Wow that is a lot of days!  Now remember some of those days may be in the cooler at the local flower shop.  We have had customers report that the roses they received lasted a little over 2 weeks.  So how do you get your rose to do that?  Good question, here are some tips.

1. Always keep your roses out of direct sunlight, heat, and cold drafts.  Sitting your vase of flowers on your TV or stereo is not a good idea.  The heat that is put out will actually heat the water and damage your flowers.  Also direct sunlight can also effect the life of your rose.   Watch out for those pesky winter drafts as well, they can chill your roses and shorten the life of your flower.

2.  Roses love to drink so make sure that they have plenty of clean fresh water.  If your florist provided flower food with the roses follow the directions on the package.  Most florists and even super markets sell flower food by packets that you can add to your vase to make your roses last days longer then water alone. 

3. It is best to re-cut your roses every other day.  As a florist we realize this may not always be the case so this is what we do suggest.  When you re-cut your roses do so in warm water.  Keep the stems under water and cut at a 45 degree angle.  This way when you place the rose back in the vase it has a nice wide mouth to drink in the fresh water.  Remove all leaves that will sit under the water level, these green leaves can bread bacteria in your water.  Rinse and clean your vase with a mild detergent and fill with tepid water (room temperature) and your flower food.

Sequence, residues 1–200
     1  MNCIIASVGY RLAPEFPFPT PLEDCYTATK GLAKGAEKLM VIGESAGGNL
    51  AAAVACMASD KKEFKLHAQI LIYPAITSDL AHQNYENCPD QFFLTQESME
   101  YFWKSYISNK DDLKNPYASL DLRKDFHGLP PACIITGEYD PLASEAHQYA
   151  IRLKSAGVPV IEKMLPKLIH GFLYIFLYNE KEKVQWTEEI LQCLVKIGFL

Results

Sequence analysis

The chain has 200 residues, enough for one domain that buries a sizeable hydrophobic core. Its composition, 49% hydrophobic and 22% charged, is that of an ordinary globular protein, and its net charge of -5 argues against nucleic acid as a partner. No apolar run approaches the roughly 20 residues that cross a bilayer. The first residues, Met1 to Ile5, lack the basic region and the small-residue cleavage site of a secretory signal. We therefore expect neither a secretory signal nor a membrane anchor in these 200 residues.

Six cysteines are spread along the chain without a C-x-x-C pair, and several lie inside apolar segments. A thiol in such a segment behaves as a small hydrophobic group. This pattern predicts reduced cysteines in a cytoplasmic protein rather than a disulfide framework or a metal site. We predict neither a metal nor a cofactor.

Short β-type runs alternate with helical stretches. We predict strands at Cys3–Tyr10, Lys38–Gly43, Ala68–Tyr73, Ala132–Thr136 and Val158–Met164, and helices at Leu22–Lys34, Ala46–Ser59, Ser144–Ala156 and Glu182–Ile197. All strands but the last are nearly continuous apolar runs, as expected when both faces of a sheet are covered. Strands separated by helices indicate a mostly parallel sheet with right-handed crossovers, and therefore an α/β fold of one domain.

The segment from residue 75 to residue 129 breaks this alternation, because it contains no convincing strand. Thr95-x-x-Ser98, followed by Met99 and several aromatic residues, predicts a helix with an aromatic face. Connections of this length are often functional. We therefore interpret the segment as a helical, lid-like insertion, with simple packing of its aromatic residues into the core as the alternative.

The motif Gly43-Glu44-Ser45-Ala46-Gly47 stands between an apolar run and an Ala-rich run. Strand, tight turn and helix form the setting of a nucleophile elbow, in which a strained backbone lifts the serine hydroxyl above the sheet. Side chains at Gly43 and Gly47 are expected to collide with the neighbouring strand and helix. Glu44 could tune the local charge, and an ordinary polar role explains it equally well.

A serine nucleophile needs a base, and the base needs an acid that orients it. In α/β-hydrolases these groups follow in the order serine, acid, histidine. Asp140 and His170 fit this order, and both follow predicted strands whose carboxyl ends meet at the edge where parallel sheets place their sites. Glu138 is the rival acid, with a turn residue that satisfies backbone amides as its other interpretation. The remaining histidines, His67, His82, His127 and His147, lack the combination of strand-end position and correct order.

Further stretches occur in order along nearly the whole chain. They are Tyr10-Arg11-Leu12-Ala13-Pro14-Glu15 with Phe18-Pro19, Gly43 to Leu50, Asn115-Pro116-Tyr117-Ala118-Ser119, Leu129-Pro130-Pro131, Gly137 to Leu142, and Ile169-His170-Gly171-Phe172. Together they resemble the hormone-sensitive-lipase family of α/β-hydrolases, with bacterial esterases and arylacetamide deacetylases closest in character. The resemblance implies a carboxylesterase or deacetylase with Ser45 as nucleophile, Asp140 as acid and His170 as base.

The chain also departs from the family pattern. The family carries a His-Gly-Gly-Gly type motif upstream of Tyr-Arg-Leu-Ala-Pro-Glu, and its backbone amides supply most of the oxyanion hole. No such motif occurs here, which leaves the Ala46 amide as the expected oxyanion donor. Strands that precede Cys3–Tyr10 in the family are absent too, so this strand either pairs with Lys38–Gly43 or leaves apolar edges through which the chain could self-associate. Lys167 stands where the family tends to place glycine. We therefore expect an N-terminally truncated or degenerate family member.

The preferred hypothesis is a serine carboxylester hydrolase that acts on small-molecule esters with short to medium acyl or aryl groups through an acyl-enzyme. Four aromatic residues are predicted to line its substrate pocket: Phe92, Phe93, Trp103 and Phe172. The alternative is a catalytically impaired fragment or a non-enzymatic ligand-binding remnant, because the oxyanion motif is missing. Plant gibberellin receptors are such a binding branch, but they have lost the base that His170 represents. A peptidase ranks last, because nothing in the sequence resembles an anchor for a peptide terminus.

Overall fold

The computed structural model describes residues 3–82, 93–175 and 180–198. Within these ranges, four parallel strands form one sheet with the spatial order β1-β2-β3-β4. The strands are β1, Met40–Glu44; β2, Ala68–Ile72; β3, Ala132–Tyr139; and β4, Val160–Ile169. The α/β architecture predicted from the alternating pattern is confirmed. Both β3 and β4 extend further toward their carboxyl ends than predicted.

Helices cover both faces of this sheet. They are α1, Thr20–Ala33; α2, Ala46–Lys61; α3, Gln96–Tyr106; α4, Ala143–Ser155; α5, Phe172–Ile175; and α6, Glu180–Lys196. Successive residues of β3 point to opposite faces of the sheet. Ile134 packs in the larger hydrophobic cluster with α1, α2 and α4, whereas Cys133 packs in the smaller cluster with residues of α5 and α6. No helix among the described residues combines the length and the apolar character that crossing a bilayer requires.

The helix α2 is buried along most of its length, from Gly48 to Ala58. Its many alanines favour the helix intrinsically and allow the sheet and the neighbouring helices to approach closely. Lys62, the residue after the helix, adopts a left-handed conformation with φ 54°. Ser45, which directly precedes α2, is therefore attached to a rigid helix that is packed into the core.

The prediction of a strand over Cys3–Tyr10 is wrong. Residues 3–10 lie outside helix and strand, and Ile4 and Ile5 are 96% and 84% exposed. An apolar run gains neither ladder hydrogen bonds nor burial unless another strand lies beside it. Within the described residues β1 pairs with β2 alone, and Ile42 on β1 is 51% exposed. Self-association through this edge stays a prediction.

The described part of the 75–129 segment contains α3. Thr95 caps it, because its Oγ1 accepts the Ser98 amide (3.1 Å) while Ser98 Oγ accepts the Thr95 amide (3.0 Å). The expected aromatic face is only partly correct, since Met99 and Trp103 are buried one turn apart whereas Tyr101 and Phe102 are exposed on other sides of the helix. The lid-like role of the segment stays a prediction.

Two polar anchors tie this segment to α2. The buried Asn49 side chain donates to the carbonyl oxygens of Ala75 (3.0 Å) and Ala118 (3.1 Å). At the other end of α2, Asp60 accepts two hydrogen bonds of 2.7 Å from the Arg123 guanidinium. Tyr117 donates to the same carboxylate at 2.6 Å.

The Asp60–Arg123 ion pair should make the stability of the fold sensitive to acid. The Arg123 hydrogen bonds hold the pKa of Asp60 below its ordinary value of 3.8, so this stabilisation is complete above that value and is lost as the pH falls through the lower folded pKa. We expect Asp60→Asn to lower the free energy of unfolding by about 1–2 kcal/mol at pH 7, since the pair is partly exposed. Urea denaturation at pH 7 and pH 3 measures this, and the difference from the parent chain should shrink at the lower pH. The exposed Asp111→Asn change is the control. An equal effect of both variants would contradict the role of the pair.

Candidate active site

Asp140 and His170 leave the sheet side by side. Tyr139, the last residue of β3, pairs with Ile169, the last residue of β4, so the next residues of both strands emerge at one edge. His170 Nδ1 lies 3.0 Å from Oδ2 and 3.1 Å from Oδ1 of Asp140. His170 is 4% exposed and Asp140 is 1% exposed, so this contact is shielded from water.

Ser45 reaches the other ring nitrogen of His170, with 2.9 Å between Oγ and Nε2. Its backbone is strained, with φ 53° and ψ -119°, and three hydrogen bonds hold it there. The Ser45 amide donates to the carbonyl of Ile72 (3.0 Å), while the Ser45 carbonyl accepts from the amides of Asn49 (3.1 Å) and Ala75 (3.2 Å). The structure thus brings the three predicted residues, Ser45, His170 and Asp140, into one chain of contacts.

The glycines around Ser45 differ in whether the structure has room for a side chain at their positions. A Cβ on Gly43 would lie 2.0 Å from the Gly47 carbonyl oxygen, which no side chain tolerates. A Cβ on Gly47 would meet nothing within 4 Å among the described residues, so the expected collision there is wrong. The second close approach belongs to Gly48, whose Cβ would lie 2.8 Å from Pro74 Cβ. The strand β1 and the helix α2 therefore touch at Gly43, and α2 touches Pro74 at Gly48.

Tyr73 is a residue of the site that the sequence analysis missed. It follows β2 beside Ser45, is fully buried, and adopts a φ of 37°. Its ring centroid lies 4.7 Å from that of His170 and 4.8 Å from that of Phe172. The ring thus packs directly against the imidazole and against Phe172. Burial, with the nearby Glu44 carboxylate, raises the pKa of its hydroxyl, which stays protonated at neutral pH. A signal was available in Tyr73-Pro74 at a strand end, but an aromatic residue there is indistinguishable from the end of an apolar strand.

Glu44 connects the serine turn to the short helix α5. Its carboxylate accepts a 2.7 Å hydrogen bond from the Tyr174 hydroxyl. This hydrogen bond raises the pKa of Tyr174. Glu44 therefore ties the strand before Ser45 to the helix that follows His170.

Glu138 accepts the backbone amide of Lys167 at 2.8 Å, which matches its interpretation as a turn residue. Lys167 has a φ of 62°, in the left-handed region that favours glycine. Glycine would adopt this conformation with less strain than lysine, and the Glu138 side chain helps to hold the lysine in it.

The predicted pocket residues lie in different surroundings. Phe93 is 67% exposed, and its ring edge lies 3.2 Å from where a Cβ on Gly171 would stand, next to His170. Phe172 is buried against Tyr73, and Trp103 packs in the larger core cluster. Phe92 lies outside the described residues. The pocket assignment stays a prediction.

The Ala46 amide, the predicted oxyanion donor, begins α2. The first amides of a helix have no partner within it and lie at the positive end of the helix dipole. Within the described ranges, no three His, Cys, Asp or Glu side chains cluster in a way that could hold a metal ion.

If you follow these steps the roses you receive this Valentine's Day will provide you with days and days of enjoyment.  

For more on fresh flower care visit us here.

Monday, February 1, 2010

Too Good To Be True Part 2

Hello again.  I am sorry for the delay in the posts it has been a good kind of crazy around our little shop! 

When we last left off I had promised to tell you how to spot a true local florist when searching for one online.  Well here are a couple of good ways to do just that!

Why do you want local?  Well that is an easy one.  When you call an order taker they will ask you when you would like it delivered, who it is going to, how much you would like to spend, and what you want on the card.  They will then get your payment info and thank you for the order.  Next they will take a percent of the total amount given to them as a fee and call a local florist to fill your order.  Now that florist must deduct labor, delivery, and the cost of the container from the amount given to them by the order taker.  What does this mean to you?  If you allowed 60.00 for your floral arrangement by the time it arrives at the door you will be lucky to receive 30.00 worth of flowers.  If you want to learn all about the way this works visit one of our favorite sites: Florist Detectives.  This is one of the best places we have found to learn about scams, drop shippers, and how to get the most for your floral dollar.

Here are some tips on finding a local florist:

  • When you search online for a florist always look for a street address on the website.  Most of the 1-800 order taking sites will just have a toll free number to call and you will not be able to find a physical address on the website.   
  • The next thing you can do is call the phone number and ask for directions to the shop.  If they can not give you the directions then they are not an actual florist.   
  • Also the top 3 or 4 ads on google or yahoo are just that, paid ads.  People pay more for those locations and we have found this is normally where you will find the majority of the order taking services.  

We know that not everyone will order from us this holiday but we do ask that you keep your floral dollars local and help the florists in your area.  We help the community in many ways, providing jobs, buying from our suppliers, and giving donations to local charities.  We hope that you will support your local florist.

Thanks for your time!  We will talk again soon!